The thing about first runner-up that no one tells you…
Originally posted May 23, 2018:
I don’t know about you, but I’ve been watching Miss USA since I was old enough to watch TV. I’m assuming if you’re reading this that you have as well. I had all of the pageant Barbies. In fact, the only Barbie Dolls that I deemed relevant enough to save were the pageant queens:
When I got into high school, I decided that I wanted to be a part of this mysterious world and entered my first pageant. It was a small local pageant that wasn’t a qualifier for anything. If you won, you were awarded a beautiful crown and sash and the ability to ride in parades and do appearances all around town. Without any coaching or idea of what I was doing, I placed first runner-up in that pageant!
I can’t tell you right now, nearing 20 years later, if I even thought I was going to or wanted to win when I entered. But placing first runner-up struck me in a way that I would NEVER have expected, and I can’t explain to this day! Looking back at myself at that young age, I am both proud and disappointed. Proud that I kept a smile on my face while on the stage and throughout all the photos. Disappointed because as the lights dimmed, so did my attitude and faux demeanor.
I had run into the bathroom and cried my eyes out. Saying things to my poor father like, “Why wasn’t it me?”; “Why didn’t the judges choose me?”; and “Why did they like her more? She was horrible!” Oh yea, I was super classy in that ladies’ bathroom stall crying to my dad for two hours! Blaming everyone but myself for this wild injustice. I guess everyone has to be able to look back at times that they were less than in behavior, manners or maturity so they can be more than later in life…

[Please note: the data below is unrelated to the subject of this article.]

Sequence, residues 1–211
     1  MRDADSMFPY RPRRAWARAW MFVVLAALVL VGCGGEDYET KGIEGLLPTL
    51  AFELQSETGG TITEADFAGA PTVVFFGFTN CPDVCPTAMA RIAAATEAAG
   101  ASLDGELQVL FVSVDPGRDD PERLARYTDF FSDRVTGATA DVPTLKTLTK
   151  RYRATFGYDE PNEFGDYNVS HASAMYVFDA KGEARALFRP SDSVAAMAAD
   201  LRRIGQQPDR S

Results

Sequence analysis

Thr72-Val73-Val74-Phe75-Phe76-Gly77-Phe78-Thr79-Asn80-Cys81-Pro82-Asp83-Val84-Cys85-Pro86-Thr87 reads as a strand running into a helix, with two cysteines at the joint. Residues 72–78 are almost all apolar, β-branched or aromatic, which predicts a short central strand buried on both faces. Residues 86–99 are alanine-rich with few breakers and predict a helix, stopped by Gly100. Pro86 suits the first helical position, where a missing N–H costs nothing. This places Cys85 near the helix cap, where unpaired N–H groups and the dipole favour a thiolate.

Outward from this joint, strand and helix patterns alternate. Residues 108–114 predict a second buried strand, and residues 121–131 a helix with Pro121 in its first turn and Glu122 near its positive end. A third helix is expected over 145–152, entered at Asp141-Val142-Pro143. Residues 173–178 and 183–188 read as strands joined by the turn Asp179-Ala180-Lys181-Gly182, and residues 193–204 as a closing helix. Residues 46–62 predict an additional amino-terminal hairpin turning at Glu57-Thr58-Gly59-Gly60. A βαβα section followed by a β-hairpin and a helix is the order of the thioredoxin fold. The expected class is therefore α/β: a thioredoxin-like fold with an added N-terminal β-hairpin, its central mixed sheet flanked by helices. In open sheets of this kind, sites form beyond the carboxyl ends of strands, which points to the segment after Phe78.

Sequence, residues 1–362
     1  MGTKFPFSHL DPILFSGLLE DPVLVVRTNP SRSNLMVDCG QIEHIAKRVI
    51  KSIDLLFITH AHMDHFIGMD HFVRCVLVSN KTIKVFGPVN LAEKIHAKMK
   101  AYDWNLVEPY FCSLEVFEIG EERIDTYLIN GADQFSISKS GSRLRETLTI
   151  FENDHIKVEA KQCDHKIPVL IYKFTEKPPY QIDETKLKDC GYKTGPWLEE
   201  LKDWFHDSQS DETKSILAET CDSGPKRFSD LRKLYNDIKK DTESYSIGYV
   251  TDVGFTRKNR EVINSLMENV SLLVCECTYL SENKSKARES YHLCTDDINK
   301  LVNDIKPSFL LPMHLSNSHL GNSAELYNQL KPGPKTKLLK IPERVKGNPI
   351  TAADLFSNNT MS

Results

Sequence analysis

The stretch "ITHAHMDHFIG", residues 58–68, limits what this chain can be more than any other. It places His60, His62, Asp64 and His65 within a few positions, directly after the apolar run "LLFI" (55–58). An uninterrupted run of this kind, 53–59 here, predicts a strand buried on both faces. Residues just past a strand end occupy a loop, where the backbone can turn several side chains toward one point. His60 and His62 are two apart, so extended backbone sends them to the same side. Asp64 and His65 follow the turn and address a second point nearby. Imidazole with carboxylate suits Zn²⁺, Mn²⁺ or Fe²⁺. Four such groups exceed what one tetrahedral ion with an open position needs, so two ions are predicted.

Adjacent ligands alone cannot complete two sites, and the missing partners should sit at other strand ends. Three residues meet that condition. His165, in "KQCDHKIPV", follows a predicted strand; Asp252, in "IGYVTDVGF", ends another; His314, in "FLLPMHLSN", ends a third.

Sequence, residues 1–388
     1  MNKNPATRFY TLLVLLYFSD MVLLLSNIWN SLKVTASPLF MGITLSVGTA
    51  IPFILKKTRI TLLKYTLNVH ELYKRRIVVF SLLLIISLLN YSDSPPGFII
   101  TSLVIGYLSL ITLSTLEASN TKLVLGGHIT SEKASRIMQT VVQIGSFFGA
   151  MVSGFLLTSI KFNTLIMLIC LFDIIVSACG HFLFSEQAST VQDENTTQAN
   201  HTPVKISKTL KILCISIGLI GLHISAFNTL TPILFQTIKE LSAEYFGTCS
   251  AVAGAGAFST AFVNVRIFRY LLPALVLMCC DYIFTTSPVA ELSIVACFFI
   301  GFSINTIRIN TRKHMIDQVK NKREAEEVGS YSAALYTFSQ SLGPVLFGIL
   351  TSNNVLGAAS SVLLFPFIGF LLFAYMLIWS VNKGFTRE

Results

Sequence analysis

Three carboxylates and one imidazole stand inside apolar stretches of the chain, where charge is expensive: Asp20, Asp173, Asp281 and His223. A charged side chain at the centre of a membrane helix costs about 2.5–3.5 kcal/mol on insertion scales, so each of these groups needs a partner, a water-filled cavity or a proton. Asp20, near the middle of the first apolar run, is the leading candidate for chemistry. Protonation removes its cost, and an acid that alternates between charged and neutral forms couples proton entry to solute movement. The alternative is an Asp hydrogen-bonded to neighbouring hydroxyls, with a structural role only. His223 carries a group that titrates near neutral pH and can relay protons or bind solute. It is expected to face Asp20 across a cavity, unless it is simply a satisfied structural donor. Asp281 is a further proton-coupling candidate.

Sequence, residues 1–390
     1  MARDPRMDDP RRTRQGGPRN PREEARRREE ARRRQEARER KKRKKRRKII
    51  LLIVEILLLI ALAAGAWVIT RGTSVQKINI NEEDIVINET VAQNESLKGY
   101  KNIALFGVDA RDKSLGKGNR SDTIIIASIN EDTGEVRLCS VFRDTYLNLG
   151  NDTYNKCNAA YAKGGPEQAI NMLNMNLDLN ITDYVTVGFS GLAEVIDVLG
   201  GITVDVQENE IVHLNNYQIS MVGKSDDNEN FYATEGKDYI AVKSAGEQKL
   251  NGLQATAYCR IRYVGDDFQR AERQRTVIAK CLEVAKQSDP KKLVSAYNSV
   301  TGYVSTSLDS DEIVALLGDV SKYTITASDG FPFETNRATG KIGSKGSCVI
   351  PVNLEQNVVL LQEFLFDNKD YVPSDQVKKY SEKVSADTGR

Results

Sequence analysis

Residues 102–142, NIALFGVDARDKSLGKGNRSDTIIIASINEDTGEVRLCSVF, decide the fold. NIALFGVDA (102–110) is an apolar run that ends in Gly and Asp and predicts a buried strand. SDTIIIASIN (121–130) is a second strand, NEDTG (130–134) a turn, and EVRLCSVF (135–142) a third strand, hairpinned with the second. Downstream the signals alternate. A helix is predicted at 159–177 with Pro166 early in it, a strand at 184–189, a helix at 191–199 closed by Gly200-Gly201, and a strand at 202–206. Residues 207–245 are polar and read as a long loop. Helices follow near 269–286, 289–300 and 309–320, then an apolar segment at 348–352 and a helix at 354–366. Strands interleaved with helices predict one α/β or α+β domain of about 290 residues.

So, what’s the deal with first runner-up? Why is this honor such a social injustice to these poor girls? Well, I’ve racked my brain on this one. What I’ve come up with is that she never has her moment. As first runner-up, she doesn’t even get her name called! She’s worked so hard and was the second best across all of the levels of competition. So good that if something happens or the winner wins nationals, they want her to take over as the titleholder! But she’s not actually relevant enough to have her name announced!
For the other runner-up and finalist positions, they announce their names. They each get pulled aside and have a moment to stand on the stage in acknowledgment. As first runner-up, all she gets is photos of the side of her head holding hands with the winner and this feeling like she was that close to her dream. What did she forget to do, forget to tell the judges, forget to pose just the right way…
Over the years since that first night in the restroom in tears, I’ve managed to win a local title or two, but I’ve also collected a couple more of those first runner-up spots. I competed in a few pageants, where I didn’t even place in the semi-finals. Those hurt really badly too, and, at the end of the day, probably more. But nothing feels quite like the first runner-up. It’s a special kind of sting that you can only understand once you’ve been there. Something about it makes you feel like you’re just not quite good enough. Like the poem from grade school by Shel Silverstein, “Almost Perfect but not Quite.”
After a 15-year hiatus from the world of pageantry this spring, I decided to dip my toe back in and compete in the Mrs. DC America pageant. This old girl still has something left in the tank. Am I right? I put my heart and soul into becoming the best version of myself and further developing my community work around my platform – the work I had moved to The District to do and I wanted to bring to a larger audience. And at the end of that cool April night, I found myself yet again standing one of only two women remaining, waiting for our name to be called. And I never heard my name…they said her’s instead. First runner-up, again! The photo at the top of this post... yea, that's me in the gold. You can't even see my face!
Was I cursed? I hope not. I didn’t run off to the bathroom crying, throw a fit or think she cheated. I know that I didn’t leave it all out there. I wasn’t my best me that night. That was hard to swallow. I can tell you that the winner deserved her title, and it’s all about timing. I still have some working to do on myself to deal with my anxiety and putting myself outside of my comfort zone more. She was ready, and I still need some time to simmer.
What I do know is that this time, as someone eloquently put it, “Well if you can’t be the winner, what other position would you want to be?” Touché! That resonated and although it is a tough placement I’m super proud of myself and excited for my future!